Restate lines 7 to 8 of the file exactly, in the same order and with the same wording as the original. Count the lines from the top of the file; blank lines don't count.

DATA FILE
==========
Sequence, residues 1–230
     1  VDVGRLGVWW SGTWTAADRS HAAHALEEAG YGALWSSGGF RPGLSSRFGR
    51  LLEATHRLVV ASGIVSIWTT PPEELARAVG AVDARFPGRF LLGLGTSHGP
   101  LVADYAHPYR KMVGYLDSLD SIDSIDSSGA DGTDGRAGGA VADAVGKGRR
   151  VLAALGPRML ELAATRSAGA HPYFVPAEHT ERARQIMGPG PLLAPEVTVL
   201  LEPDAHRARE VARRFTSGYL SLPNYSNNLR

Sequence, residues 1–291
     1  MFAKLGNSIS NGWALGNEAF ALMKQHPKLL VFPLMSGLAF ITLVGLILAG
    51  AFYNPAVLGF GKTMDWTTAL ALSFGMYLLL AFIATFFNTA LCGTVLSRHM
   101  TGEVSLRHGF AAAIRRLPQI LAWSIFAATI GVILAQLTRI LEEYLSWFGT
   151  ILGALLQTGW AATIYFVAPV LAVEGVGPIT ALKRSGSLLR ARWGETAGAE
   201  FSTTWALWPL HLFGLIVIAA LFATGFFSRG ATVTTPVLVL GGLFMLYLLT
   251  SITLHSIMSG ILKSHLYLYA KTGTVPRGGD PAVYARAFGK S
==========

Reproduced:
Sequence, residues 1–291
     1  MFAKLGNSIS NGWALGNEAF ALMKQHPKLL VFPLMSGLAF ITLVGLILAG